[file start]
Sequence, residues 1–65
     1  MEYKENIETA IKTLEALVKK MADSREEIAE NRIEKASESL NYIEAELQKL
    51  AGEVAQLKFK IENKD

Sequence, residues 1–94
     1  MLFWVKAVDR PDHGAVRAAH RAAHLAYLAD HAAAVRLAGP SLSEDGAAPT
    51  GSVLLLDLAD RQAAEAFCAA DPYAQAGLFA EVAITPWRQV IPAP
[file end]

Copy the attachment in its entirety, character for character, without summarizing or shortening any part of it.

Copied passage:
Sequence, residues 1–65
     1  MEYKENIETA IKTLEALVKK MADSREEIAE NRIEKASESL NYIEAELQKL
    51  AGEVAQLKFK IENKD

Sequence, residues 1–94
     1  MLFWVKAVDR PDHGAVRAAH RAAHLAYLAD HAAAVRLAGP SLSEDGAAPT
    51  GSVLLLDLAD RQAAEAFCAA DPYAQAGLFA EVAITPWRQV IPAP